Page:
Lege Artis Medicinae

[In the Shadows of Great People An Interview with Árpád Szállási by Elemér Nemesánszky]

GYIMESI Andrea

OCTOBER 21, 2007

Lege Artis Medicinae - 2007;17(10)

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Further articles in this publication

Lege Artis Medicinae

[ADVANCE]

MATOS Lajos

Lege Artis Medicinae

[Pain in the knee - and what’s behind it - The dilemmas of management]

BÁLINT Géza

Lege Artis Medicinae

[Arthrosis - An epidemic of the 21st century]

BÁLINT Géza

Lege Artis Medicinae

[Secondary prevention of patients with ischaemic heart disease - The reduction of LDL cholesterol level and the regression of atherosclerosis]

BÁRCZI György, MERKELY Béla

[The authors review the options of secondary medical prevention in patients with ischaemic heart disease, stressing the need and safety of using statins. The beneficial effect of statin therapy on cardiovascular morbidity and mortality and the clinical benefit of the greatest possible reduction in LDL cholesterol level are presented. The atherosclerotic plaque regression achieved by a high-intensity statin therapy in the ASTEROID trial is also briefly reviewed.]

Lege Artis Medicinae

[CARCINOMATOUS MENINGITIS]

CSERNI Gábor, VÁGÓ Tibor, TÖRÖK Norbert, GAÁL Zoltán, VELKEI Tamás, SERÉNYI Péter, GÖCZŐ Katalin, TUSA Magdolna, KOVÁCS Katalin, SZŰCS Miklós

[INTRODUCTION - Carcinomatous meningitis is a serious complication of advanced stage solid tumours, which may become more common with improved survival. CASE REPORTS - A 53-year-old woman with a recent history of breast cancer (pT2pN2M0) had been treated by mastectomy and adjuvant chemotherapy and radiotherapy. She presented with weakness, diplopia and vertigo raising the possibility of vertebrobasilar ischaemia or an intracranial mass. In another patient, a 62-year-old man with hypertension, a stenotic common bile duct had been diagnosed when examined for abdominal complaints. When he presented with a high blood pressure value accompanied by intensive headache, vomiting and bilateral hearing loss, he was thought to have a hypertensive crisis. The rapidly progressive neurological symptoms and the history of breast cancer and findings suggesting pancreatic head tumour, respectively, led to the clinical diagnosis of carcinomatous meningitis in both cases, despite any evidence on CT scans or a negative MR scan, though of limited value, in the first case. This diagnosis was confirmed by the laboratory and cytological findings of the cerebrospinal fluid, and also by the post mortem examination, since both patients died within a month after the onset of the symptoms. The primary tumour in the second patient proved to be a widely metastasizing diffuse type gastric cancer. CONCLUSION - Carcinomatous meningitis has a varying but characteristic presentation which generally makes it easy to diagnose, but it can sometimes present differential diagnostic problems. What we can learn from these two cases may help in recognizing this complication.]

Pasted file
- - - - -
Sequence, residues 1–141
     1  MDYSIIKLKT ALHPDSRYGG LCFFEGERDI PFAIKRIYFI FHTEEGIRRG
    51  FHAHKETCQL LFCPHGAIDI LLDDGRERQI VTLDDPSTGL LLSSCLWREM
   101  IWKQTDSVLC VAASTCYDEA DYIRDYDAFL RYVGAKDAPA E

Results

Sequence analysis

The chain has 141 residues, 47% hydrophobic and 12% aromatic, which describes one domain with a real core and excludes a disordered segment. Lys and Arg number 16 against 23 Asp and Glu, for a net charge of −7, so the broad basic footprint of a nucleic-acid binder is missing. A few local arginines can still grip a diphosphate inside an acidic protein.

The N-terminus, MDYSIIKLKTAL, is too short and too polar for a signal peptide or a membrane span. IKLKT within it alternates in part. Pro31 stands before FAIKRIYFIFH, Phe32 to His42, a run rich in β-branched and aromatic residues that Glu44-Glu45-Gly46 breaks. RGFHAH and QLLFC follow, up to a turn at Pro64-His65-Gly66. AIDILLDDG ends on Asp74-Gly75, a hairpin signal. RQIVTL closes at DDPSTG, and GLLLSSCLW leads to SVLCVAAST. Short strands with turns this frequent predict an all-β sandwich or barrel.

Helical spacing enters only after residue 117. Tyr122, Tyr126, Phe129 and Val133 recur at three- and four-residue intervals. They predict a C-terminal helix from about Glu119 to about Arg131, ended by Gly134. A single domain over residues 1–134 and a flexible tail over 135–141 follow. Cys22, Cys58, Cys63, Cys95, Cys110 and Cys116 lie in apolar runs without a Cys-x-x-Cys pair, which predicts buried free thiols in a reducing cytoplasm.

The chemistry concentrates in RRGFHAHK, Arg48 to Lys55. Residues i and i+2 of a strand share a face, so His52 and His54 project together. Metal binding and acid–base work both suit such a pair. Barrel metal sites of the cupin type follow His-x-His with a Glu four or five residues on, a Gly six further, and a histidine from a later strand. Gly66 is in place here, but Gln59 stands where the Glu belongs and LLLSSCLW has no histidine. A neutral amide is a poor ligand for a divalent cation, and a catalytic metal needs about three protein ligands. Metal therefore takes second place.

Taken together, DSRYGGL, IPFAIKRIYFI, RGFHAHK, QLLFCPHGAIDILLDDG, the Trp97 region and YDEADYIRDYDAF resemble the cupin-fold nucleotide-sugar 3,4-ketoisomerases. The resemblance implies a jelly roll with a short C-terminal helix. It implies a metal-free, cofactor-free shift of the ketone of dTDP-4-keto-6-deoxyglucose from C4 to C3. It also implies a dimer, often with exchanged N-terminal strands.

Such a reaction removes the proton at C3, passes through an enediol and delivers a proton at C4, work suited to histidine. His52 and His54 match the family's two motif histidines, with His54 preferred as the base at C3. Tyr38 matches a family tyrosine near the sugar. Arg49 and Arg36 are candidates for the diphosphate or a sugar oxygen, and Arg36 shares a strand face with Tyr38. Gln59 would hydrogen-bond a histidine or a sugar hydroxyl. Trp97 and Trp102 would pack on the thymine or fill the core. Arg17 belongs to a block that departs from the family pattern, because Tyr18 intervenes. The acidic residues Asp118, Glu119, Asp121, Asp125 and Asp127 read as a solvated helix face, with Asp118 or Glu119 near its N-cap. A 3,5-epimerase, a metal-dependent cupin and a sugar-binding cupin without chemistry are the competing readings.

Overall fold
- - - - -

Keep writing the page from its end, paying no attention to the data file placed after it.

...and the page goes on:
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[What happens to vertiginous population after emission from the Emergency Department?]

MAIHOUB Stefani, MOLNÁR András, CSIKÓS András, KANIZSAI Péter, TAMÁS László, SZIRMAI Ágnes

[Background – Dizziness is one of the most frequent complaints when a patient is searching for medical care and resolution. This can be a problematic presentation in the emergency department, both from a diagnostic and a management standpoint. Purpose – The aim of our study is to clarify what happens to patients after leaving the emergency department. Methods – 879 patients were examined at the Semmel­weis University Emergency Department with vertigo and dizziness. We sent a questionnaire to these patients and we had 308 completed papers back (110 male, 198 female patients, mean age 61.8 ± 12.31 SD), which we further analyzed. Results – Based on the emergency department diagnosis we had the following results: central vestibular lesion (n = 71), dizziness or giddiness (n = 64) and BPPV (n = 51) were among the most frequent diagnosis. Clarification of the final post-examination diagnosis took several days (28.8%), and weeks (24.2%). It was also noticed that 24.02% of this population never received a proper diagnosis. Among the population only 80 patients (25.8%) got proper diagnosis of their complaints, which was supported by qualitative statistical analysis (Cohen Kappa test) result (κ = 0.560). Discussion – The correlation between our emergency department diagnosis and final diagnosis given to patients is low, a phenomenon that is also observable in other countries. Therefore, patient follow-up is an important issue, including the importance of neurotology and possibly neurological examination. Conclusion – Emergency diagnosis of vertigo is a great challenge, but despite of difficulties the targeted and quick case history and exact examination can evaluate the central or peripheral cause of the balance disorder. Therefore, to prevent declination of the quality of life the importance of further investigation is high.]